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HBR评论:Google's Strategic Mistakes Drove Motorola Buy  

2011-08-18 18:45:49|  分类: 人物志与公司志 |  标签: |举报 |字号 订阅

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HBR评论:Google's Strategic Mistakes Drove Motorola Buy

 

 

Google's Strategic Mistakes Drove Motorola Buy

9:00 AM Tuesday August 16, 2011
by Horace Dediu 

 

Google's $12.5 billion purchase of Motorola Mobility has set the technology and investing worlds aflutter, with much of the commentary positioning it as a play by Google for Motorola's strong IP portfolio. But a single point of focus is incorrect and misses a bigger point: The MMI purchase is the result of Google's miscalculations about the way value is captured in mobile computing. These strategic missteps placed Google in a position of weakness and forced it into a costly and desperate move.

To understand why that's the situation Google is in, first we should look at the company's mobile Android software in the context of Google's product portfolio. There's a great consistency with Google's products: they are services "in the cloud." All except for one: Android. It's a peculiar Google product for two reasons.

1) Android is not an end-user application or service.
It's system software; the customer for Android is not the end-user but a system builder or integrator. Typically a phone or device vendor needs to license Android and then build a product which must then be accepted by another intermediary — usually a mobile operator — before sale to the end-user. System software is "plumbing" which, like Windows, enables applications that "run on top" of it. It's a platform.

2) Android is one of many enablers for other Google services.
Google offers the same services on other system software. For example, Gmail and Google Search and Google Maps work very well on iPhones (or Windows). So Google's own platform is not the only venue through which Google's money makers can reach the market. Although Google services can run on any platform, mobile platforms are not as open as traditional computer platforms. This means that a platform owner (e.g. Apple or Microsoft) can "turn off" Google services on a whim. By distributing its own platform, Google can thus ensure that its services will have unhindered access to users. In other words, they gain distribution. By being a plumber, Google can ensure that its services will flow freely.

It's an innovative, if not convoluted, business model: Building and giving away the plumbing so that homes are granted unhindered access to free Google utility services (whose meter readings are sold to the highest bidder). But it comes with more complications.

When it took its approach to mobile software, Google made a big bet that smartphones and tablets were sufficiently mature and thus could be built in a way that didn't require Google owning all points of the value chain. For the last year it seemed that Google bet right. Android was very quickly adopted by licensees to the point that it achieved nearly 50% share in smartphone shipments last quarter.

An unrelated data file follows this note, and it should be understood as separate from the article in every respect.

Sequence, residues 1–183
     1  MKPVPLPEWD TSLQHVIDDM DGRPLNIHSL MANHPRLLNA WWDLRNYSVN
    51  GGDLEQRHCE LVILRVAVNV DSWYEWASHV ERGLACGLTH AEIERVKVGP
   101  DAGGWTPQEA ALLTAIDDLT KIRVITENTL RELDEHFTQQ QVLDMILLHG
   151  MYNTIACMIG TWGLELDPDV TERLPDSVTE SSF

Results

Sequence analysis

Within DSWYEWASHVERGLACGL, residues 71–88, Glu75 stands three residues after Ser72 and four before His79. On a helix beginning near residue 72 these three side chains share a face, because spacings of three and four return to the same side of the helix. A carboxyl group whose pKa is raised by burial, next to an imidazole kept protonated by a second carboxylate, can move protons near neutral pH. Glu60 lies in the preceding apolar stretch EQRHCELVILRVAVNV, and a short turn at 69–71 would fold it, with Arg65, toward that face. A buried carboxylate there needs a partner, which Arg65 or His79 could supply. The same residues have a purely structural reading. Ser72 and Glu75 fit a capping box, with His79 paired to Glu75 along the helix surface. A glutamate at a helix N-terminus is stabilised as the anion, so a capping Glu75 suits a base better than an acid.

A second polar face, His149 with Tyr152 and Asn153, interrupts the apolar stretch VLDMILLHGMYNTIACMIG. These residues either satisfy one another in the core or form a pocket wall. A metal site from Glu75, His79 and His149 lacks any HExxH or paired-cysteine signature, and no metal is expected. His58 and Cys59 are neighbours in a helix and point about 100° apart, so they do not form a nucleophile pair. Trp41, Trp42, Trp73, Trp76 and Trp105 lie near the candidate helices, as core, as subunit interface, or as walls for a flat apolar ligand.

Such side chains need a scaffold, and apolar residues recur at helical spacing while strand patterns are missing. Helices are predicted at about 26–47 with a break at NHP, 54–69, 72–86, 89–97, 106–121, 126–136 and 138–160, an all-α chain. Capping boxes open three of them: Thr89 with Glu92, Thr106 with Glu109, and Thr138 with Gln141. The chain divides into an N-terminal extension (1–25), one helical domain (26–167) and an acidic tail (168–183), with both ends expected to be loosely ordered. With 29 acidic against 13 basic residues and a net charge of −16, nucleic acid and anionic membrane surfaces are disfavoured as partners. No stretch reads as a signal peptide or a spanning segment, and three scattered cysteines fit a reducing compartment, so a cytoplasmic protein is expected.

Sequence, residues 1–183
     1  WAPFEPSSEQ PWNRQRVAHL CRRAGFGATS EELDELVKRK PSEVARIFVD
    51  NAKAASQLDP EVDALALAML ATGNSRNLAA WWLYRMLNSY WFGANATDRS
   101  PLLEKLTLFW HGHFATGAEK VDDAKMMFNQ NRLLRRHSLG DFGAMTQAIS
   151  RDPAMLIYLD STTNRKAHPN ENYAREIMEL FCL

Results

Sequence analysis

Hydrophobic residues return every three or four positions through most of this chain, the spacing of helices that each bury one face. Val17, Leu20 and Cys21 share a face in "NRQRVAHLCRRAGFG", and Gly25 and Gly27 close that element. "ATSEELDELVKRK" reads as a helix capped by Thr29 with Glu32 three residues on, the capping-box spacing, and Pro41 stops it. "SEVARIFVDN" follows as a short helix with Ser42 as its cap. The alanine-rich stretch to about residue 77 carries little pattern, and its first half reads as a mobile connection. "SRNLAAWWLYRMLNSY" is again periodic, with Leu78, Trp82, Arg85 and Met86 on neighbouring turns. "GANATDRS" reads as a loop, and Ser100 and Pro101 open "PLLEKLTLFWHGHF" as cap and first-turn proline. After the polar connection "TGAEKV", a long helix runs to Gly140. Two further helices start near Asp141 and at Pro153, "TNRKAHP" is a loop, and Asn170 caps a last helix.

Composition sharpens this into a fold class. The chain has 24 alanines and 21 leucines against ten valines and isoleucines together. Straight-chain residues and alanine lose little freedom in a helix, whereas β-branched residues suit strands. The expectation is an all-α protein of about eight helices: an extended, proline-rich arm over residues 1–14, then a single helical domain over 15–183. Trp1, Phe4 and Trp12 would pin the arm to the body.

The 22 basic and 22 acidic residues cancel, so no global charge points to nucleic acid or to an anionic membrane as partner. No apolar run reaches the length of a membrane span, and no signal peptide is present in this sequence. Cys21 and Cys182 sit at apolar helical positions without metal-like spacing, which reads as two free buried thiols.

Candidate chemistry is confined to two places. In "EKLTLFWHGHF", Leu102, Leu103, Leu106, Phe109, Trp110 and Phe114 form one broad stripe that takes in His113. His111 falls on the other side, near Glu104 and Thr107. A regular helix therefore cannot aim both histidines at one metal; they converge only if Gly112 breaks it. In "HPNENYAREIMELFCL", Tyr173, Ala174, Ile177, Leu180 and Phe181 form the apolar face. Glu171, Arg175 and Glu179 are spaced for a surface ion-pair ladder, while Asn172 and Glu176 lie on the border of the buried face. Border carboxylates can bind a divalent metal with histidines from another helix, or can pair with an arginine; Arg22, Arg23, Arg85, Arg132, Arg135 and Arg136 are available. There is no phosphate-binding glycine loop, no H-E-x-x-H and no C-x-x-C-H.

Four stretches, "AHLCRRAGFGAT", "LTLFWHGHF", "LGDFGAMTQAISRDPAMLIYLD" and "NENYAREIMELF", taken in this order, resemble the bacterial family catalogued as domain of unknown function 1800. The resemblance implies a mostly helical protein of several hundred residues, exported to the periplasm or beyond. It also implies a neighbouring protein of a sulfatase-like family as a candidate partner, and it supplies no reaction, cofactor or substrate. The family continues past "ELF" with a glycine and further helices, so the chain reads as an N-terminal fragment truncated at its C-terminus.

However, lately, cracks began to appear in the strategy. Issues with intellectual property in Android caused some licensees to have to pay royalties to patent holders, increasing the cost. Fragmentation took hold where some versions of the software were used by some licensees on some products without the option or incentive to upgrade. Finally, some vendors modified the software resulting in missing features or inconsistent user experiences — even to the extent that Google's own services were omitted.

All of these problems are a direct result of the approach Google chose with its big bet on Android. As a consequence, it has become increasingly difficult to ensure that Google's revenue-generating services are properly "flowing" to the end users. The smartphone as we know it today is not good enough or mature enough to support Google's initial strategic approach with Android. The big bet may have been lost.

Instead, with Motorola, Google got a hold of the vehicle through which it can create and sell integrated products. The company is thus no longer just a plumber but also a house builder and real estate developer. It can now build showcases that demonstrate the value of its services. The challenge then is how it will sell plumbing to contractors while it also competes with them by building houses. Android's big bet has yet to pay off and Google just doubled down.

 

 

http://blogs.hbr.org/cs/2011/08/googles_strategic_mistakes_dro.html

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